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Lost in the media frenzy surrounding the arrest of twelve Russian spies by the FBI in June 2010 was the fact that the spies were arrested – not for stealing state secrets or trading technology – but for failing to register with the U.S. Department of Justice (“DOJ”) under the Foreign Agents Registration Act (“FARA,” 22 U.S.C. §  611 et seq.).  This statute requires U.S. persons to register when they engage in certain political or quasi-political activities on behalf of “foreign principals.”  The media’s obsession with Anna “Sexy” Chapman aside, the real lesson from the recent arrests is that U.S. persons – including trade associations, charities and other nonprofits – that engage in political or quasi-political activities on behalf of foreign principals must comply with FARA or risk similar public embarrassment and possibly criminal penalties.

What Is the Foreign Agents Registration Act?

FARA ensures that the U.S. Government and the people of the United States are informed of the identity of foreign persons attempting to influence U.S. public opinion, policy, and laws.  The statute requires persons representing foreign principals to register with DOJ for engaging in any of the following:  (1) political activities, (2) public relations, (3) political consulting, (4) publicity activities, and (5) information-services.  The statute defines the term “foreign principal” broadly to include foreign governments, political parties, individuals, and corporations. 

Many nonprofits are surprised to learn that there is no FARA exemption for nonprofit, tax-exempt entities.  Rather, FARA provides limited exemptions for raising funds for medical assistance and charity, and activities promoting bona fide religious, scholastic, academic, scientific pursuits, or the fine arts.  In addition, FARA provides an exemption for persons registered under the Lobbying Disclosure Act of 1995 (this exemption does not apply to the representation of foreign governments or political parties).

Persons required to register must provide DOJ with information on the nature of the relationship with the foreign principal, the work to be performed for the foreign principal, and, on a semi-annual basis, submit a report of the activities performed on behalf of the foreign principal and funds received from, or disbursed on behalf of, that foreign principal.  Penalties for failing to comply with FARA can include a fine of $10,000 or imprisonment for up to five years.

Why Should Nonprofits Worry about FARA?

 The recent arrest of the twelve Russian spies under FARA underscores that DOJ will take action against persons who fail to comply with the statute’s requirements.  For example, just days after the arrest of the Russian spies, DOJ obtained a guilty plea from a former U.S. congressman who failed to register under FARA for lobbying on behalf of an Islamic charity.

The issue of nonprofits and registration under FARA has become a hot issue in the blogosphere.  DOJ has apparently opened an inquiry into whether two U.S. nonprofit organizations, B’Tselem and Americans for Peace Now, have violated FARA by failing to register as foreign agents.  The investigation was launched in response to information provided to FARA by a group opposed to the political positions of the two nonprofits.  Similarly, there are numerous websites devoted to whether the Council on American-Islamic Relations is a foreign agent that must register under FARA.  The list of websites purporting to expose foreign agents goes on and on.  In each case, the FARA hook is that the nonprofits receive a substantial proportion of their operational funding from foreign sources or act at the direction of a foreign parent or government entity.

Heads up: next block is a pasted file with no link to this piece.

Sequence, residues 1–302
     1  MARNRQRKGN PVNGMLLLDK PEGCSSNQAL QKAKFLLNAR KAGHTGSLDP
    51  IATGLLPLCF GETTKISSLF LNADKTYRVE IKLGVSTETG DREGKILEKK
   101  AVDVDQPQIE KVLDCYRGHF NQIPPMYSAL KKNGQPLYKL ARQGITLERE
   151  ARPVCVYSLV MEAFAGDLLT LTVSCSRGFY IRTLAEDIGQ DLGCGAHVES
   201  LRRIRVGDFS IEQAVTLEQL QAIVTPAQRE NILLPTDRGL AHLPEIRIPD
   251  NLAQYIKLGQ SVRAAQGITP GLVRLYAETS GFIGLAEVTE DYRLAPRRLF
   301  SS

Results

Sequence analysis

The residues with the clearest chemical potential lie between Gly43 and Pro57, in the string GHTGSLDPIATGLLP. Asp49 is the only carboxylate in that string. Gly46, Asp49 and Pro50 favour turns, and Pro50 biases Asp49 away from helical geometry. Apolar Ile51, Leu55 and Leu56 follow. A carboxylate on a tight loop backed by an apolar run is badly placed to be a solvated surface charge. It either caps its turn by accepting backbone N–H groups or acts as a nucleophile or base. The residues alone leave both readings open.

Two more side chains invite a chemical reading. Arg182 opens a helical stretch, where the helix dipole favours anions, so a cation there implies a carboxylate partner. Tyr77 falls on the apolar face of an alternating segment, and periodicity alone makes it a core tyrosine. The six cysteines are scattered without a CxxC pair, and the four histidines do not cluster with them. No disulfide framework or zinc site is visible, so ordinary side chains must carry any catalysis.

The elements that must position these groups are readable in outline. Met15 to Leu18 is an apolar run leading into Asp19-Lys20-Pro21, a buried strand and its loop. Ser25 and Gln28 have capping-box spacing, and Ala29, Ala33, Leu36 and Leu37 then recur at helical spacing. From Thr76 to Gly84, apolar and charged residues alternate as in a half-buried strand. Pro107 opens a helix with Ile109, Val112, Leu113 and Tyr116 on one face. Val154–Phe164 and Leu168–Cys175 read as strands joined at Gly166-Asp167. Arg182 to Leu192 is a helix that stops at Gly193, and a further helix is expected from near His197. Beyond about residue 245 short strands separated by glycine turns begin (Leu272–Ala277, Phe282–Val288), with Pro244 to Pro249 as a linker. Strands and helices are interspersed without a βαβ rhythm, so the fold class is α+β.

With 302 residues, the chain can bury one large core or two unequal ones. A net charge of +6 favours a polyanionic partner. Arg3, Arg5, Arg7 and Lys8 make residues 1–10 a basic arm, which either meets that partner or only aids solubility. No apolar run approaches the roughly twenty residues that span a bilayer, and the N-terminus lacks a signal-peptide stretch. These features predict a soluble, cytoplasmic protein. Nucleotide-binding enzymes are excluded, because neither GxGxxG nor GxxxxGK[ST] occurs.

The FARA registration requirements also extend to trade and professional associations that focus primarily on economic – as opposed to political – issues.  For example, any trade association or export council that represents the interests of a foreign person or country may be subject to FARA.  In this regard, several large international trade councils – such as the Korea-United States Exchange Council – are registered under FARA.  There are, however, many other trade associations and export councils that appear to represent foreign interests that have not registered. 

How to Ensure that Your Nonprofit Complies with FARA

Determining the types of activities that trigger the need to register under FARA (or the Lobbying Disclosure Act exemption) is a challenge, made even more difficult by the dearth of DOJ guidance on the subject.  To avoid the possibility of criminal sanctions or public embarrassment, U.S.-based trade and professional associations, charities, and other nonprofits that receive funding from foreign sources or that are affiliated with a foreign parent should review their operations and funding to determine whether they qualify as a foreign agent of a foreign principal under FARA.  This is especially true for any nonprofit that engages in U.S. political activities or lobbying.

If registration is required, contact legal counsel for guidance on filing the required registration forms.

 

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Mr. Wilson is a partner in the Washington, D.C. office of Venable LLP and a former Treasury official. 
Mr. Bigart is an associate in the Washington, D.C. office of Venable LLP.  For more information, contact the authors at
dewilsonjr@venable.com, aebigart@venable.com, or 202-344-4000.

This article is not intended to provide legal advice or opinion and should not be relied on as such.  Legal advice can only be provided in response to a specific fact situation.